Industry and Waste sectors falling short of climate targets

Posted on Thursday, 27 June 2024
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The Climate Change Advisory Council ‘2024 Annual Review: Industry and Waste’ finds that volume of waste being produced in Ireland remains too high, and the rates of reuse and recycling are insufficient and considerably below the EU average.  The most recent data indicate a small reduction in industrial emissions in 2023, but for waste emission, data indicate an overall increase in waste emissions. The largest contributor to waste emissions is methane produced by decomposing waste in landfill sites.


Key findings Industry

The Industry sector, as defined in the sectoral emissions ceilings, covers emissions from both manufacturing combustion and industrial processes.  Industrial emissions covered by the EU Emissions Trading Scheme, which represent approximately 80% of the total, fell by 6% in 2023. 

The Industry sector has been set an emissions ceiling of 30 Mt CO2  eq for the first carbon budget period (2021–2025) and 24 Mt CO2  eq for the second carbon budget period (2026–2030). This equates to an overall target of a 35% reduction in emissions in the sector from 2018 levels by 2030.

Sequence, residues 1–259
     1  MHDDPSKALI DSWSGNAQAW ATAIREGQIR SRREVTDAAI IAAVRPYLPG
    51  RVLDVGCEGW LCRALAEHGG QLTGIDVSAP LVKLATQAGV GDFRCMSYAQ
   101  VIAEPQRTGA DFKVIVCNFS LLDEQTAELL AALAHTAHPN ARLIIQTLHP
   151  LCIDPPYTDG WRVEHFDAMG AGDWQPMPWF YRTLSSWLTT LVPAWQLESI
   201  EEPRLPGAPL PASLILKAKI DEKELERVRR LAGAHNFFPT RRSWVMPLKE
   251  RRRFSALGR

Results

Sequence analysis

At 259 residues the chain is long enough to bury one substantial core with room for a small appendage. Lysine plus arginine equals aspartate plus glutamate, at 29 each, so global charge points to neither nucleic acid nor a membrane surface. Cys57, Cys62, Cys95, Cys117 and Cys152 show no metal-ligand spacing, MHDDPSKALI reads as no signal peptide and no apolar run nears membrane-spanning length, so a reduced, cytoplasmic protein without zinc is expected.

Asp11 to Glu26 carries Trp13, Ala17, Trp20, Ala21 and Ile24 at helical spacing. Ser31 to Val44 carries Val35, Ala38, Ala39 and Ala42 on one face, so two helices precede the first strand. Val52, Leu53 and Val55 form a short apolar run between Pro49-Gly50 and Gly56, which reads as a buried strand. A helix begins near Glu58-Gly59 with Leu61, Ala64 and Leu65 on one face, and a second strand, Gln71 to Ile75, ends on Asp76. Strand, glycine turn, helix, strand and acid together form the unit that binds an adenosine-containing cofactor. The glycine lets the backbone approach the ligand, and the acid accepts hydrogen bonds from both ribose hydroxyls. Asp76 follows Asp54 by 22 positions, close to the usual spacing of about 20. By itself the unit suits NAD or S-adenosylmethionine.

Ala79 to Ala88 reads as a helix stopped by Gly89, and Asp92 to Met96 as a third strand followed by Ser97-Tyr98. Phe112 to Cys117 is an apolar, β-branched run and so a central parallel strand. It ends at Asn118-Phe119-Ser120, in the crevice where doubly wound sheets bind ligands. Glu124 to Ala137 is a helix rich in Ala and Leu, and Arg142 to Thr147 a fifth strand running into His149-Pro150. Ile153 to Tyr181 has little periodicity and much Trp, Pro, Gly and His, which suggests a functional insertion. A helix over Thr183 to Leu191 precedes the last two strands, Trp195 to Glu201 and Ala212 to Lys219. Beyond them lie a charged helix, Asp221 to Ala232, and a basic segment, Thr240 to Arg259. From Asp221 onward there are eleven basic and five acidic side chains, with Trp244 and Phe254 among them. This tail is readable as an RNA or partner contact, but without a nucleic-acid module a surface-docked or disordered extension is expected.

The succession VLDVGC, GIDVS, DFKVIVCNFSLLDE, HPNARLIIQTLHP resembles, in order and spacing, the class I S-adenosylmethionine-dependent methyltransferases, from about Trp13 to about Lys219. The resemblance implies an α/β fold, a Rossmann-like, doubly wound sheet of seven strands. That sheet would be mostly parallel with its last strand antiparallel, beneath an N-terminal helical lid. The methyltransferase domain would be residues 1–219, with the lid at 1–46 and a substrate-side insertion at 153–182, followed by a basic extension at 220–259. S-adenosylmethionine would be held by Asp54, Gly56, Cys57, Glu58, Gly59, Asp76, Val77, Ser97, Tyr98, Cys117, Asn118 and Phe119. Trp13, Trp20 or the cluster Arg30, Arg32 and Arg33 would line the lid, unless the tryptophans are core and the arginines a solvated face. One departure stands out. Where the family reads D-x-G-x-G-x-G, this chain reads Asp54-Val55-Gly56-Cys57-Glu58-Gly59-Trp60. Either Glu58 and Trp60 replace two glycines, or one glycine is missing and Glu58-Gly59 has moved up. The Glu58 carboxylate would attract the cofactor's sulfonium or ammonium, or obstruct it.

Emissions from industry accounted for 7.1 Mt CO2  eq in 2021 and 6.6 Mt CO2  eq in 2022.  This indicates that 45.6% of the sectoral emissions ceiling for industry has been used in the first 2 years of the first carbon budget period (2021–2025).  Based on current trends, Industry sector emissions will need to be substantially reduced to stay within the sectoral emissions ceiling for the first carbon budget period.

One of the primary sources of industrial emissions in Ireland is cement production; emissions from cement production decreased in 2023 due to lower production levels, with half of the cement produced being exported, primarily to the UK.   Greenhouse gas emissions from cement production at four cement plants in Ireland dominate industrial process emissions. The Council recommends early implementation of measures in the Climate Action Plan 2024 (CAP24) that target a reduction in the clinker content of cement. Annual targets for sustainable alternative fuel use as part of the next update of the Climate Action Plan to reduce the carbon intensity of clinker production should also be introduced.